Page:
Associate Professor Emerita Christine A. Jenkins and Michael Cart have authored a new comprehensive history of young adult literature featuring LGBTQ+ themes. Their book, Representing the Rainbow in Young Adult Literature: LGBTQ+ Content Since 1969, was recently published by Rowman & Littlefield.
The book builds on their earlier work, The Heart Has Its Reasons (2006), a historical analysis of the early years of young adult (YA) fiction with LGBTQ+ content, a text that was included on VOYA’s Five-Foot Bookshelf of Essential Reading for Professionals Who Serve Teens.
Jenkins and Cart's new title provides an overview of this rapidly expanding body of literature within the context of the young adult (YA) literary landscape. In addition to a decade-by-decade analysis of YA fiction, this edition also includes chapters on bisexual, transgender, and intersex issues and characters, as well as chapters on comics, graphic novels, and works of nonfiction.
According to the publisher, "this volume charts the evolution of YA literature that features characters and themes which resonate not only with LGBTQ+ readers but with their allies as well. In this resource, Jenkins and Cart identify titles that are notable either for their excellence—accurate, thoughtful, and nuanced depictions—or deficiencies—books that are wrongheaded, stereotypical, or outdated. Encompassing a wide range of gender and sexual identities, Representing the Rainbow in Young Adult Literature is an invaluable resource for young people eager to read about books relevant to them and their lives."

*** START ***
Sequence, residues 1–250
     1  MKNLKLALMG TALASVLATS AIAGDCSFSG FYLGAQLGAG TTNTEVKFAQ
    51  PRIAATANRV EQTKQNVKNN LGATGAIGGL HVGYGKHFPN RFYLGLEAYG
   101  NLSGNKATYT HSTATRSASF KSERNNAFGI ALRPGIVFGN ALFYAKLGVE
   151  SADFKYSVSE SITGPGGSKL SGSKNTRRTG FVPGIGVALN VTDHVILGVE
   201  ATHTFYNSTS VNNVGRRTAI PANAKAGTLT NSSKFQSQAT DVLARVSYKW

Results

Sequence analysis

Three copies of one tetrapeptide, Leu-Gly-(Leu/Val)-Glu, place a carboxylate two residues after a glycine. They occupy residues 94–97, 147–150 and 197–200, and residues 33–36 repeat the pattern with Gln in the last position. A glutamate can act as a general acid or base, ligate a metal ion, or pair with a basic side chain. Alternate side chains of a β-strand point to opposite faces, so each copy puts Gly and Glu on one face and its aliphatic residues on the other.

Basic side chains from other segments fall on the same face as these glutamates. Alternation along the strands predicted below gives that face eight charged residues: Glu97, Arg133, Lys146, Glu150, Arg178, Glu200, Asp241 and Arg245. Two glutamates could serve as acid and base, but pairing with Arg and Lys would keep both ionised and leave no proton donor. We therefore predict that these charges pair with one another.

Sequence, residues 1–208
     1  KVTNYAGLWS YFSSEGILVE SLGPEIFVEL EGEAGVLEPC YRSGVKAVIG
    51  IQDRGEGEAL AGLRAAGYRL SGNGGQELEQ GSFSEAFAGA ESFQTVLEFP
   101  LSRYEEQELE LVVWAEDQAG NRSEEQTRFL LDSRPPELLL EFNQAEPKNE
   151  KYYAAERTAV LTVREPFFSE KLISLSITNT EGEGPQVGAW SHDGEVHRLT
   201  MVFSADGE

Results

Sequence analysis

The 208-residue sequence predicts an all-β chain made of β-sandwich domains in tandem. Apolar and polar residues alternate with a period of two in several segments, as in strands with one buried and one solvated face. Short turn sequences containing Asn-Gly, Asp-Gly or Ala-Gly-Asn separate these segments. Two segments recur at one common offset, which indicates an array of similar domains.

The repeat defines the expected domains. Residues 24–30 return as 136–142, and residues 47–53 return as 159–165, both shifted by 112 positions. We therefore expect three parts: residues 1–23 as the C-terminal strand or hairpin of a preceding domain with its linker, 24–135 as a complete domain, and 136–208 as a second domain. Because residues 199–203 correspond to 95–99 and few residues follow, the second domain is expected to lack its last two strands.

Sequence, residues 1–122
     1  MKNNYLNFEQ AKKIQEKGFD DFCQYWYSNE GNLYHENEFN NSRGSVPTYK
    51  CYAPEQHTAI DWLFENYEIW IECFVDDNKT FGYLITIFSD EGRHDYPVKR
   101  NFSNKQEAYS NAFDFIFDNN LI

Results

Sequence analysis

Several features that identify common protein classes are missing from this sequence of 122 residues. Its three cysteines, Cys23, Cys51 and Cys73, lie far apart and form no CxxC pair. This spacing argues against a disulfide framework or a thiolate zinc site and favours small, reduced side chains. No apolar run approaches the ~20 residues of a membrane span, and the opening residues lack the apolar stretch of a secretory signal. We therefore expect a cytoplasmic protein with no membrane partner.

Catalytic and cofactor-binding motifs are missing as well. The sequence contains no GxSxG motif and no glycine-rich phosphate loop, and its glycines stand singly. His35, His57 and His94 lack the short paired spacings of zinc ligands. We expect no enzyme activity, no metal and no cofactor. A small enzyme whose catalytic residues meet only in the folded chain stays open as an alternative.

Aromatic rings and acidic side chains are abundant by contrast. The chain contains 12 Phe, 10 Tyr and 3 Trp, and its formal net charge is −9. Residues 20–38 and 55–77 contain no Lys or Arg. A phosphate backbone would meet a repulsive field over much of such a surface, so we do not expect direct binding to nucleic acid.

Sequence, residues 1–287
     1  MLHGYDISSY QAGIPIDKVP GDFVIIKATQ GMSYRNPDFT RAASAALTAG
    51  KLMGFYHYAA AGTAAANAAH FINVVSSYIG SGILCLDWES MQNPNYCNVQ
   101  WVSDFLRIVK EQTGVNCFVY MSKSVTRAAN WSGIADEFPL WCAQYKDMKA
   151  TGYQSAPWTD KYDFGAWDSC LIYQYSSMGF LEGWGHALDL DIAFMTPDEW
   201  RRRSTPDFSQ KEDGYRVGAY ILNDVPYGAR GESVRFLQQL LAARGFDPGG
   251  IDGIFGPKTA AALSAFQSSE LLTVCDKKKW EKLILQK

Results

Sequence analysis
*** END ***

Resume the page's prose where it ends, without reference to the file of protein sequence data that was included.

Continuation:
Before retiring from the iSchool in 2015, Jenkins taught courses on literature for young adults and children, gendered perspectives in LIS, reading and readers, and the history of children's books. She is the recipient of several teaching awards and has a decade of experience as a school librarian/media specialist. She is coeditor of the Handbook of Research on Children's and Young Adult Literature (2011) and coauthor (with Michael Cart) of Top 250 LGBTQ Books for Teens (2015). She holds a master's and PhD in library and information studies from the University of Wisconsin-Madison and a master's in English/children's literature from Eastern Michigan University.